Giverny is the location of Claude Monet’s garden and home – established by Monet in 1883 and now open to tourists to view. There is also a nearby village, which is in a small rural setting although over the few decades tourist numbers have increased greatly. The restoration of Monet’s house and gardens is an ongoing process – and if you love gardens & art, a visit is highly recommended. When we were there (a small group tour from Paris) as can be seen from the photos, it wasn’t too crowded; however, on reading recent reviews it can get very crowded. Fortunately, we didn’t have any large buses of tourists arrive when we were there and we spent an hour or so strolling around quite easily. So if planning to go, find out what days might be a little quieter – we went mid week (I think it was a Tuesday). We have heard it’s easy enough to access via train so that might be an option too + buying tickets on line of course.
More photos later…I’ll swap to food/cooking inspirations as Tony is heading off to the supermarket in an hour or so…
In Luke N’s book “Indochine” he has a chapter “Saigon – Paris of the East” and his words at the beginning of this Chapter were similar to how we felt when we visited Ho Chi Minh City (formerly Saigon) in 2008 (another post to come soon):
“I was amazed at what I saw – such huge decadent French buildings situated in the middle of a Vietnamese city. I asked Aunty a million questions, eager to learn more about Saigon’s past.”
Various versions of the next recipe can be found in different parts of Vietnam – most serve them on Lemongrass stems but at home we often improvise and use bamboo skewers found in most supermarkets. Of course, you don’t get quite the same flavour & appealing presentation (I’ll pop in photo below) but they’re the next best thing especially when we’re at the Sth Coast (like today) mid week. There are 2 large supermarkets in Ulladulla which both have a reasonable Asian section for a medium sized country/seaside town.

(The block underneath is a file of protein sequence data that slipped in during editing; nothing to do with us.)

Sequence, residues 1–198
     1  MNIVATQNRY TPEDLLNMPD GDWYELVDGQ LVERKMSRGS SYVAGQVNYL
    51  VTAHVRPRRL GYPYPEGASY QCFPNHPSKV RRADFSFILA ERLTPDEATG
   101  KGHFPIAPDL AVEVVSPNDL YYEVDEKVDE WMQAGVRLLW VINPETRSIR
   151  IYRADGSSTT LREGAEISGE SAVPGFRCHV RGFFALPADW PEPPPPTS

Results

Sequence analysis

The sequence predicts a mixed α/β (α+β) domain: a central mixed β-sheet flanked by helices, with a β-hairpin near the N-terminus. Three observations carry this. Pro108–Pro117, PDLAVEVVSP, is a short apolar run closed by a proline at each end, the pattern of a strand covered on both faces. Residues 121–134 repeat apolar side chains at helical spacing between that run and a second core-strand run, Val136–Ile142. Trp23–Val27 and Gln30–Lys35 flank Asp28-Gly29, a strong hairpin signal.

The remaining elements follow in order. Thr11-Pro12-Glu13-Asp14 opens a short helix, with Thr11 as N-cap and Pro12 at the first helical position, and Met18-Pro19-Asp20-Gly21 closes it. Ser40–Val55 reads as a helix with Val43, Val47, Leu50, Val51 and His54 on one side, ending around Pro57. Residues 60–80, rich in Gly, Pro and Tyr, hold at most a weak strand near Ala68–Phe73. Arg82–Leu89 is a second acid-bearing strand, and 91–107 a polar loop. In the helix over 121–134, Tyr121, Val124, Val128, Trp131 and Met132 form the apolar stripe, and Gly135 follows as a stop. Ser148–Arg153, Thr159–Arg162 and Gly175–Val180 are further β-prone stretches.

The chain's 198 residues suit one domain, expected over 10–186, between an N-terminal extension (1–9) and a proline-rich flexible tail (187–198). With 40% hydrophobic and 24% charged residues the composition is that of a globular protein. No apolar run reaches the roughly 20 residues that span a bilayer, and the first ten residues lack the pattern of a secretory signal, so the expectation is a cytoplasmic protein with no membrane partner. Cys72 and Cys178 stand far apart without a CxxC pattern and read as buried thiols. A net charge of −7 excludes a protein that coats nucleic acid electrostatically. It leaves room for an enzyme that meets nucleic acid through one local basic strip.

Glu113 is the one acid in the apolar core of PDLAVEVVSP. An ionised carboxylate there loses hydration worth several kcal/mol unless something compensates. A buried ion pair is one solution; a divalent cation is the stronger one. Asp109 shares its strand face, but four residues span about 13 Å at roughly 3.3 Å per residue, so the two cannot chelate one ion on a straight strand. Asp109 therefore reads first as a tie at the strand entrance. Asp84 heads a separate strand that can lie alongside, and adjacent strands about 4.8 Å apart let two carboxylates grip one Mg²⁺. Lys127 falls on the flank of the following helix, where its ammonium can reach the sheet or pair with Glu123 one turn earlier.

Beef and Lemongrass Skewers P203 Indochine
Ingredients: 600 g minced (ground) beef; 200 g minced pork; 3 garlic cloves (finely chopped); 1 tbsp lemongrass (finely chopped) – white part only; 2 teasp sugar; 1 teasp ground black pepper; 1 tbsp fish sauce; 2 tbsp veg oil; 3 teasp chilli sauce; 3 teasp hoisin sauce.
So many gorgeous recipes in this book – a couple of faves I’ll note here later today. Must close down our seaside “office”😉 & go for a walk on such a stunning day (photo below)…
Vietnamese Herb Chicken Roulade P231 Indochine
“This dish is from the coolest contemporary Vietnamese restaurant in Saigon called Xu. Their cuisine has pioneered the modern food scene in Saigon and has seen them voted into the World Gourmet Summit Awards of Excellence.”
Ingredients: 1 bunch Vietnamese mint (leaves picked); 1 bunch coriander/cilantro (leaves picked); 2 cm piece of ginger (peeled & sliced); 3 garlic cloves (chopped); 1 lemongrass stem (white part only finely chopped); 1 tbsp fish sauce; juice of 2 limes; 2 teasp salt; 2 teasp ground white pepper; 1 small cauliflower head, trimmed & roughly chopped; 4 x 250 g. Chicken thighs skin on; 2 tbsp veg oil.
Pickled onion: 100 ml white vinegar; 100 g sugar; 1 onion (thinly sliced); 10 Vietnamese mint leaves
A lot of detail in the Method but basically the refreshing pickled onion could be used with any simple/similar chicken dish and placed on a bed of puréed cauliflower (strained for the best consistency). So I’ll note the Pickled Onion method below:
Put the vinegar and sugar in a mixing bowl and stir to dissolve the sugar. Add the onion and Vietnamese mint, cover and leave to pickle for 2 hours, then strain.
For the chicken roulade recipe basically make a herb paste in a mortar & pestle – add fish sauce, S&P, lime juice last. Flatten chicken, spread with herb paste and roll up securing with string. Brown in a frypan and then bake at 220 deg C for approx 20 min. Slice into 3 cm thick pieces.
Other option (if you like to follow a recipe closely) is to buy Indochine…a great book! We love Asian flavours!